The trap site was located the same location as in the Fall except reversed; near where we used to observe became the trap, and where the old jute run was became our vantage point. This is because so many escaped the jute over and over again in the Fall capture.
- There was a moment of escape but was difficult to tell how, as it happened so fast. The helicopter was very low and you can see the wind kicking up.
- At another moment, a horse stopped and did a 180 turn and booked the other way.
- A foal running behind was shut out when its group was closed in the trap. He was then bear-hugged and physically picked up by one of the contractor's crew, and then put into the pen.
- Horses were visibly sweating.
The contractors did not allow us to immediately enter (we spent about 30 minutes before heading to holding).
By the time our field representative was permitted to enter holding, the first trailer of horses had already left. The contractors said we had to wait for the last run of the day (4 horses) to be delivered to the pens. Initially, there was no hay present for horses at the corrals. While we were waiting, the contractors started giving them the tiniest amount of hay, kicking a handful under the pen. It seemed almost like they were preventing us from entering because there was no food and they had to feed them/ an attempt to prevent us from seeing it.
- There was one agitated horse kicking in the pen, drawing blood from other horses. They left this angry horse in the very small pen for at least an hour, with frequent fights occurring.
Day 2: July 2, 2020
The helicopters flew again on private land today and 0 horses were captured. The trap site is now being moved to public lands to begin the first public day of the operation. Even though we were not permitted to view the operation, we were able to view temporary holding, which is located 42 miles up 9 Mile Canyon. There are cows everywhere in the cayon.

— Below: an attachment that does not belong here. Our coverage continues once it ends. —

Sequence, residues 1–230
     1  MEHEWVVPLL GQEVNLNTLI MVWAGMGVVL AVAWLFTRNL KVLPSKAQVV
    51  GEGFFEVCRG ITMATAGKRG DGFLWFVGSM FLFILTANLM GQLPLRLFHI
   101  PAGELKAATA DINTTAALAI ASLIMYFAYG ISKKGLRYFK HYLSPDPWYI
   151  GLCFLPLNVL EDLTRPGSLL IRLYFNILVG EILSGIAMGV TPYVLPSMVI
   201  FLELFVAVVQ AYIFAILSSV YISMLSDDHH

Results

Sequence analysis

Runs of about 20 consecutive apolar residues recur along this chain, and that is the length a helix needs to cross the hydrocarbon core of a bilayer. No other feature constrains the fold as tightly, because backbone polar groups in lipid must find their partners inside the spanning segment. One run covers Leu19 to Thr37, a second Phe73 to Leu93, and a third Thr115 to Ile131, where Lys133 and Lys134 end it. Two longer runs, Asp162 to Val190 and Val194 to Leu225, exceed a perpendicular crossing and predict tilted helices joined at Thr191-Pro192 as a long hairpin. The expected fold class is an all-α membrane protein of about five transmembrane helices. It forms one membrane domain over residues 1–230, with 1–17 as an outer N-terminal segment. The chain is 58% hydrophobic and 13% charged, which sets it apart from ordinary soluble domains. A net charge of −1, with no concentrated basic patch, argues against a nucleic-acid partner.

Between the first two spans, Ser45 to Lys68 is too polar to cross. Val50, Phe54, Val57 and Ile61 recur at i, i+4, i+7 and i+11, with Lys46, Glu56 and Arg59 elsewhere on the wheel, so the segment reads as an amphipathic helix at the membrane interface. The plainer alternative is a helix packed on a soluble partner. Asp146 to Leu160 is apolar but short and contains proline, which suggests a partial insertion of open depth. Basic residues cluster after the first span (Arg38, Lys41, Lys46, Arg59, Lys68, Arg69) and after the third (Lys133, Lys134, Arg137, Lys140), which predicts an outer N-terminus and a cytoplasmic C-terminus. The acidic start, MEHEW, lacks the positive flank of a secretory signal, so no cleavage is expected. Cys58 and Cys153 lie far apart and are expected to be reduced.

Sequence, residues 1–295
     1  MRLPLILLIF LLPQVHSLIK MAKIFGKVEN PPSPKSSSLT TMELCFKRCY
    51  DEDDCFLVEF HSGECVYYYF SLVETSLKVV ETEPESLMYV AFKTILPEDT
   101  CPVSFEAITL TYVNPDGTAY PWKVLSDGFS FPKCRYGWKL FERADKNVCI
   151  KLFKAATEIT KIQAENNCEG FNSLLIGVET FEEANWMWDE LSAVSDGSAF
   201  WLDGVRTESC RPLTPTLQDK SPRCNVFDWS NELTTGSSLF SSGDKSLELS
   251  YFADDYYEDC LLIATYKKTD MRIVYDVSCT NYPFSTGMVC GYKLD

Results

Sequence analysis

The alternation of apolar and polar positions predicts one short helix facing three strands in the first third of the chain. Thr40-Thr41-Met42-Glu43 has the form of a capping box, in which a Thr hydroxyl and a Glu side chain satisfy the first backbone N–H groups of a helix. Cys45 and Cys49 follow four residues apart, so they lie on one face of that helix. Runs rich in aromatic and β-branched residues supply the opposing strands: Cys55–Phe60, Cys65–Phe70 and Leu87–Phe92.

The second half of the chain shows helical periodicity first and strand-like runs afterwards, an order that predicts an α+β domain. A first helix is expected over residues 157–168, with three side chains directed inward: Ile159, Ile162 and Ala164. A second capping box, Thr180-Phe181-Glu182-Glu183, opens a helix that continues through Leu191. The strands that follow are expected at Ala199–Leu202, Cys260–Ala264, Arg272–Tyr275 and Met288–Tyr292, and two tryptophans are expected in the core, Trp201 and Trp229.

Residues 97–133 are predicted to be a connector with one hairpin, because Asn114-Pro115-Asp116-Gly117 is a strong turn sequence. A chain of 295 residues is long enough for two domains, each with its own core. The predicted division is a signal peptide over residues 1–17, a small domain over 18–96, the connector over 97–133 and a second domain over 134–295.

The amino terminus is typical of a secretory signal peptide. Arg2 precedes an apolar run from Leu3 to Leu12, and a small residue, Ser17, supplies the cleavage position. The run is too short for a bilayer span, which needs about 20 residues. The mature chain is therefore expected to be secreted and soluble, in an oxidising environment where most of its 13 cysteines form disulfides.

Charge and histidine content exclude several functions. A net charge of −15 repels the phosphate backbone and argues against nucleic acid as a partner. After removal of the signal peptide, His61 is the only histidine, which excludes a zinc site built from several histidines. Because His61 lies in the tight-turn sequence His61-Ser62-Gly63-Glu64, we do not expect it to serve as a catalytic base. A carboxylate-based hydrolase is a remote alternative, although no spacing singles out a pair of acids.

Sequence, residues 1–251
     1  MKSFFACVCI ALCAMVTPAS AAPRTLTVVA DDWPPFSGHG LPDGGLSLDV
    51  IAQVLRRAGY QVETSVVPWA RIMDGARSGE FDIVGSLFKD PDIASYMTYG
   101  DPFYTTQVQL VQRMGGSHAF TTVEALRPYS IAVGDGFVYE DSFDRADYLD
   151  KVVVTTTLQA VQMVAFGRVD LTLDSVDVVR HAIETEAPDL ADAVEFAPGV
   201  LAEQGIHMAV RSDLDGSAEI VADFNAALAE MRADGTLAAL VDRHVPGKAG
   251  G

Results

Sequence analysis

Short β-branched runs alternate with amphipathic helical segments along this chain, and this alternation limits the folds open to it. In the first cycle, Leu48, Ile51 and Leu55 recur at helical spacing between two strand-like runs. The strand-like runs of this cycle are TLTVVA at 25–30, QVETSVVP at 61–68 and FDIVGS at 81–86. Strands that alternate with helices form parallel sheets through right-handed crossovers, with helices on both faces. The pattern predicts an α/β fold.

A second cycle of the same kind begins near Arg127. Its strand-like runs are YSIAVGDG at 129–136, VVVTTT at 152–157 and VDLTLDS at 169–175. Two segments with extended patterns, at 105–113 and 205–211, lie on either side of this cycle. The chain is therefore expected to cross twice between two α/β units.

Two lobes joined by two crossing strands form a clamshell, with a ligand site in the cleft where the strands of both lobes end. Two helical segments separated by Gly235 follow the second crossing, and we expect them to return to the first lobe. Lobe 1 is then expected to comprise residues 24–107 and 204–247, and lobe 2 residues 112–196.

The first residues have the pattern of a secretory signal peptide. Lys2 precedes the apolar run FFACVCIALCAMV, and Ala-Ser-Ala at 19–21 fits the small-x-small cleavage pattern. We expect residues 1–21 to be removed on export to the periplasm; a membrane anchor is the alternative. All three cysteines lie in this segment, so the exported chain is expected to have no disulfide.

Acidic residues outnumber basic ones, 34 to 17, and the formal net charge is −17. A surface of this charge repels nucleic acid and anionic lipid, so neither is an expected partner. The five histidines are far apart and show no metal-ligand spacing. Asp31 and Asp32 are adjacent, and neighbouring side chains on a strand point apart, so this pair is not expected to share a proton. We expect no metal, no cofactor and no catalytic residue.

The trapsite on the other side of the mountains, SouthEast of the holding. The contractor, the Cattoors, did not want to navigate the switchbacks with the trailors so is bringing them down through 9 Mile Canyon paved roads. Safer for the horses and less dust.
From our field representative:
- "I can't get over how haunting it is to be in such a beautiful place, while the wild horses are losing their freedom. It is the strangest backdrop for a roundup and holding site. It's like putting a prison on a tropical island."
- "The foals looked really sad. You can see their expressions on their faces."
Day 1: July 1, 2020
The first day of the Range Creek HMA roundup and removal was yesterday. 11 wild horses lost their freedom. The operation ended early because of high winds. No public observation yesterday because they were on private land.
Because our field representative was unable to attend the roundup today, they drove to the short-term holding facility where horses removed from the range are being held.
The captured horses are being kept in an area called 9 Mile Canyon, before being shipped to the Axtell holding facility. It is a beautiful canyon with petroglyphs the entire distance, along a corridor of cliffs rising like cathedrals. A note from our field representative that it feels weird to be in such a beautiful place knowing this is a temporary prison for stressed horses losing their freedom. Cattle ranchers are abundant the entire stretch, signs let drivers know cows freely walk the roads here.